Trust in abundance.  This has never been my strong suit.  I’ve never been a packrat, but I’ve always been someone who felt comforted by a fully-stocked pantry and bookshelves.  Especially in the past few years – after you’ve been snowed into your house for a week, you really do see the benefits to having reserves.  But I’d like to let go of that and make some strides toward a more minimalist existence this year.  We have a smaller house now than we’ve ever lived in with kids (this was intentional) and I don’t want stuff crashing down on my head every time I open a cabinet door.  If we run out of spaghetti, we’ll buy more.  There will always be more spaghetti.  This year I hope to let go of the need to be fully-stocked and trust in the fact that I have everything I need, and access to even more.  Along these lines, I want to work on trimming the amount of resources we dedicate to our stuff and place more emphasis on experiences and memories.

Revive the 12 Months’ Hiking Project.  YES!  I’m bringing back my favorite family project (and blog series) of all time.  Steve and I absolutely loved hiking in a different place every month in 2015, but we didn’t feel that the project would work for 2016 after we exhausted most of the family-friendly hikes in WNY in the first year.  But now we’re in a different part of the country – in a region that has an embarrassment of riches when it comes to hiking trails.  Expect to see us out there a lot this year – and not just in D.C., Virginia and Maryland.  We have some travel plans in the works and if they pan out, we’ll be hiking in some truly awesome places this year.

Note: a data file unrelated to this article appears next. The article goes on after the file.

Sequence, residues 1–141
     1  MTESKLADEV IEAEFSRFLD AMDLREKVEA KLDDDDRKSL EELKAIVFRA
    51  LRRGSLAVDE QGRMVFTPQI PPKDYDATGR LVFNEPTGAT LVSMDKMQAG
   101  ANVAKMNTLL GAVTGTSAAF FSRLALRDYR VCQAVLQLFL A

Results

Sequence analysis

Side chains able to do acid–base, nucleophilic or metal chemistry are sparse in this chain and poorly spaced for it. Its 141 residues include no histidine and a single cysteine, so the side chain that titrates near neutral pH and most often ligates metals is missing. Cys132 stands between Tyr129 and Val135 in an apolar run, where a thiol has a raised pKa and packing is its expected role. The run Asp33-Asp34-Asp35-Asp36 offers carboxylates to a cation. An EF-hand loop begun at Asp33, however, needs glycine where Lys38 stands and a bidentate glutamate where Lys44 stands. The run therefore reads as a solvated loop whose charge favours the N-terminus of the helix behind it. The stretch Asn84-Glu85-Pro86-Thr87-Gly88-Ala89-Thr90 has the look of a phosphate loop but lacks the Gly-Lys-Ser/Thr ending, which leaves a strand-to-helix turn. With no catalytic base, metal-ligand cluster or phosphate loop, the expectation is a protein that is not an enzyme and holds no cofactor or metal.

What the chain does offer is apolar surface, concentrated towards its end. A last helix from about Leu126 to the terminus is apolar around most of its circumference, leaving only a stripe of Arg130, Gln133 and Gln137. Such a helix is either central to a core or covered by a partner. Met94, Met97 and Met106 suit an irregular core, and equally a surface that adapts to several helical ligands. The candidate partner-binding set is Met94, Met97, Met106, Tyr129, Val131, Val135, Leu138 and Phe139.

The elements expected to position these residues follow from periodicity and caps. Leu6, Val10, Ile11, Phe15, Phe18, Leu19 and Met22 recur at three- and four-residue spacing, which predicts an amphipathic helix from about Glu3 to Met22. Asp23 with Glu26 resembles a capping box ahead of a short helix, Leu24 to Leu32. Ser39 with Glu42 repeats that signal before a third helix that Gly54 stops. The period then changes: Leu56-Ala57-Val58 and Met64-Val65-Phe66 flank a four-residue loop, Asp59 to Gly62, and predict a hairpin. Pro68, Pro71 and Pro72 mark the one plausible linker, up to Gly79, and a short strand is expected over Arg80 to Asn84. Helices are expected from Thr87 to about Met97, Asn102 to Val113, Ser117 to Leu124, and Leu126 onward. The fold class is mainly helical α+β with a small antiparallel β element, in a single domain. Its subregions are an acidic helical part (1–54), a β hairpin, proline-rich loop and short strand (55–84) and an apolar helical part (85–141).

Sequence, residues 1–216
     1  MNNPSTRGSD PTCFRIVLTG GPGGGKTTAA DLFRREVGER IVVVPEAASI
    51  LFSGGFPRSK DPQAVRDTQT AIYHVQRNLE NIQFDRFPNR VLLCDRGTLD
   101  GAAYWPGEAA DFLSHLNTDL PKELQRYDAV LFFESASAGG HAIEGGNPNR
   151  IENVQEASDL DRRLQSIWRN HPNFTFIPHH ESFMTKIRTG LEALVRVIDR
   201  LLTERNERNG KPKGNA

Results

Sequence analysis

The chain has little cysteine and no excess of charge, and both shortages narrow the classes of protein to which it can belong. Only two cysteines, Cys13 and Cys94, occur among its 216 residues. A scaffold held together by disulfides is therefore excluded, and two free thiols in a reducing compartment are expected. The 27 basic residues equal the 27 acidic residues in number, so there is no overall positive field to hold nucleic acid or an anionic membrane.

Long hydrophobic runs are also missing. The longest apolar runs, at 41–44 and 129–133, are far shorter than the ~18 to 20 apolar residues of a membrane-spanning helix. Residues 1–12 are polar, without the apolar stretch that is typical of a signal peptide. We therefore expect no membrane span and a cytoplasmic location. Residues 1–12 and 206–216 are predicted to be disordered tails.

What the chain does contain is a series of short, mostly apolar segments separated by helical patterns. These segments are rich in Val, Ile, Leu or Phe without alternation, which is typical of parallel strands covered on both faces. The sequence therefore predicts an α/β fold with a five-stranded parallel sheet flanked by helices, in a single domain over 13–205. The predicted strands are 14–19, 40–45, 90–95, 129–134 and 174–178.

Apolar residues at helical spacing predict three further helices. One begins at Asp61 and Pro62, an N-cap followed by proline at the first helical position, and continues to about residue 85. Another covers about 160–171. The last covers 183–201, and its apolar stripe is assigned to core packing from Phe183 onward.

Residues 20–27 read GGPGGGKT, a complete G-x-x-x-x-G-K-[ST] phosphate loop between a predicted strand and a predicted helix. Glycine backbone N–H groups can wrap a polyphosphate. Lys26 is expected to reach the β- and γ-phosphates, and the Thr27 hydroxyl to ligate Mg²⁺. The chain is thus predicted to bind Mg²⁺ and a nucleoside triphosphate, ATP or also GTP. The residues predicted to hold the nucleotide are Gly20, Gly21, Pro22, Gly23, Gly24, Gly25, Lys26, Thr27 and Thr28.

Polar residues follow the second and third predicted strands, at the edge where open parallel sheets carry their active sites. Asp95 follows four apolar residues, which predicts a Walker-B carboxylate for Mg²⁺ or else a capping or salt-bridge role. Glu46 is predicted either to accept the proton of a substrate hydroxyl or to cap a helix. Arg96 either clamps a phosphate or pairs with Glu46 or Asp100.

Things to Do this Year

In addition to my goals, I dream up smaller projects and to-dos for myself (and I’m usually more excited about these than anything else).  I doubt this whole list will become a reality, but I sure hope most of it does.  In 2017, I’d like to…

  • Use my dSLR camera more (like, lots more).  And along the same lines, improve my photography skills – particularly outdoor photography.
  • Plant another container garden with Peanut – and try not to kill it this time.
  • Hang a birdfeeder and start learning to identify our neighborhood birds.  (Do we have neighborhood birds?)
  • Get back to the yoga studio, and take up barre3.
  • Run a longer distance race (I’m already registered!).
  • Spend more time in Barsetshire (both Trollope’s version and Thirkell’s version).
  • Bag another ADK peak.  (I’m thinking Giant of the Valley, but haven’t made up my mind…)
  • Clean out our basement until we aren’t storing anything except holiday decorations and furniture.
  • Read diversely again – at least 33% underrepresented voices.
  • Incorporate memory-keeping into new areas of my home.